Tim Scott's Blog

January 13, 2009

Editing a Variable Length List Of Items With MvcContrib.FluentHtml – Take 2

Filed under: FluentHtml, MS MVC — Tim Scott @ 11:48 pm

In a previous post, I showed how to edit a variable length list using MvcContrib.FluentHtml.  The post was inspired by a post on the same topic by Steve Sanderson.  Steve commented on my post pointing out some limitations.  To address these limitations required some enhancements to MvcContrib.FluentHtml and some changes to my example.  So here we go with take 2.

MvcContrib.FluentHtml Enhancements

The limitations were mostly related to handling validation.  To support validation using Model State we have added to MvcContrib.FluentHtml:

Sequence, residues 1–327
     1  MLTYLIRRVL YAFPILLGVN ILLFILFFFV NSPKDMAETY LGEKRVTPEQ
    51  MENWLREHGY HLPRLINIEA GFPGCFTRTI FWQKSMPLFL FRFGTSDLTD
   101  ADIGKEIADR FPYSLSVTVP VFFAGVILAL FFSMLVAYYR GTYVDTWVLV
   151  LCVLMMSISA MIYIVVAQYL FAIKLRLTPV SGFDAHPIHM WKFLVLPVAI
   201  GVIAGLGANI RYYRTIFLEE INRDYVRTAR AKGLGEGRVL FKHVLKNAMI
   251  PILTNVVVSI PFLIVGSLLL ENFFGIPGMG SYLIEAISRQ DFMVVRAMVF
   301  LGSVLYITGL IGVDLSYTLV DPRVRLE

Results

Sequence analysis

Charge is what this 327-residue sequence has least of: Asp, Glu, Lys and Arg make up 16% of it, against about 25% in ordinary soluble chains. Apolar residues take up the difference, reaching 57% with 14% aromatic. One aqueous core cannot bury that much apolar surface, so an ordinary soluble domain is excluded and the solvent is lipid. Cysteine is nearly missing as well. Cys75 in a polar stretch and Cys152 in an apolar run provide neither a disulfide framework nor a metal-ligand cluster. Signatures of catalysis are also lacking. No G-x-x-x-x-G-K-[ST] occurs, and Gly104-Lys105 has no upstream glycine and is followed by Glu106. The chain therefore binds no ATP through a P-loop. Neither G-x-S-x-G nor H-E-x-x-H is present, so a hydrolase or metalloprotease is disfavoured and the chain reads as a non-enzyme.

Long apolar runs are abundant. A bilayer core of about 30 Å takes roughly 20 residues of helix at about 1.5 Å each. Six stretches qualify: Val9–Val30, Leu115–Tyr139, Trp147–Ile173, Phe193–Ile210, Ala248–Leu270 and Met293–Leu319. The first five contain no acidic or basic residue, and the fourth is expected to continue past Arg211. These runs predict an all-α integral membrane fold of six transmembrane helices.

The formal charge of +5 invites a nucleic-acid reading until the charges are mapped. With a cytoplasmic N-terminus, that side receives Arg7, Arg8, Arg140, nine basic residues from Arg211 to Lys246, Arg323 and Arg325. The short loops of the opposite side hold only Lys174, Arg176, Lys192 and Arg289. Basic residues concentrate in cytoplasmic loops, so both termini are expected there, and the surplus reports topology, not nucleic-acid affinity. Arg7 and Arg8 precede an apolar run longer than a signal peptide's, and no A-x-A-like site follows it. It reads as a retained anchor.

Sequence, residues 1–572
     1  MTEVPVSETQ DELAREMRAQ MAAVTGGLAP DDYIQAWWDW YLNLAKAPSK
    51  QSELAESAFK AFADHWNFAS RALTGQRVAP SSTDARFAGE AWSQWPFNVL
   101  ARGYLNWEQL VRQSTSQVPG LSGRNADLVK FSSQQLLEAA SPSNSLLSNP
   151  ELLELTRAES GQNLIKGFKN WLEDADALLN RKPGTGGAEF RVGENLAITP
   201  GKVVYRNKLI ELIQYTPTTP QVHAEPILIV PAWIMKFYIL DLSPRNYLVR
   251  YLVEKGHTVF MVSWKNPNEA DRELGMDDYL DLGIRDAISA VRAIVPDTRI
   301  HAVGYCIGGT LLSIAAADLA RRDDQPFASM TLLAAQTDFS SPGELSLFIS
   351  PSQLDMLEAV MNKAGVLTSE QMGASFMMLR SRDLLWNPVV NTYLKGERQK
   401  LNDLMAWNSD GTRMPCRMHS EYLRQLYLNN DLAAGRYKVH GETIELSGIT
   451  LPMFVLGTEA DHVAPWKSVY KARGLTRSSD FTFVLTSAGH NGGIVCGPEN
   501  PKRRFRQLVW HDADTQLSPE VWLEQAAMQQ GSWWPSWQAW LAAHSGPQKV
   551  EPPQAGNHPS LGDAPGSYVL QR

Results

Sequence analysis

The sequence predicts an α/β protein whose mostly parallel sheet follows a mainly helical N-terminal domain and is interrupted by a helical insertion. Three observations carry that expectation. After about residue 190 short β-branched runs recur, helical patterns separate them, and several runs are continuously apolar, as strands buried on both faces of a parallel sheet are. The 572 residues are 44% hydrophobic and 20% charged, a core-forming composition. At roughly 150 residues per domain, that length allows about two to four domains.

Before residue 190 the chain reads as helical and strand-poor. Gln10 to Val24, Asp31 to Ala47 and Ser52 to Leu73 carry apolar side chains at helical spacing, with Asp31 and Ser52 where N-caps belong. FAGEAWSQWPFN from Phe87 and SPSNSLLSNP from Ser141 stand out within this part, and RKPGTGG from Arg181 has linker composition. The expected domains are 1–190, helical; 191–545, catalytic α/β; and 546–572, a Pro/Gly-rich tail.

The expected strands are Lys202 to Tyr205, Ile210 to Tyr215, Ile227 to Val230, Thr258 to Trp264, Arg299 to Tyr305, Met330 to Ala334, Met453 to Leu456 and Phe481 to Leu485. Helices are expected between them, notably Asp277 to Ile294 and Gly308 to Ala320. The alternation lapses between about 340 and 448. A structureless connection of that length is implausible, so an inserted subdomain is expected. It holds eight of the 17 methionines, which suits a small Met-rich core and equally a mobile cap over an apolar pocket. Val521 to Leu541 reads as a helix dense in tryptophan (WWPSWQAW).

• Html Prefix Support
  • A Validation Helper
  • List Indexing Support

Html Prefix Support

HTML elements generated for strongly typed views have no prefix by default.  So elements for ModelViewPage<Person> might look something like this:

<input name="FirstName" id="FirstName" value="Jim" type="text"/>
<input name="LastName" id="LastName" value="Smith" type="text"/>

The problem is, neither MvcContrib’s NameValueSerializer nor MS MVC’s default model binder fully handle this scenario.   While NameValueDeserializer does the binding just fine, it does not place bind errors into ModelState.  The default model binder does not handle quite handle the binding — it does not deserialize enumerable properties when no prefix is used.

To bind everything correctly and get any errors into ModelState we need a prefix.  One way to handle this is to wrap our primary model in a view model. This is a valid pattern. It’s even a standard for some applications. However, we don’t want to have to do this just to get a prefix. So we provide a way to specify a prefix for a strongly typed view.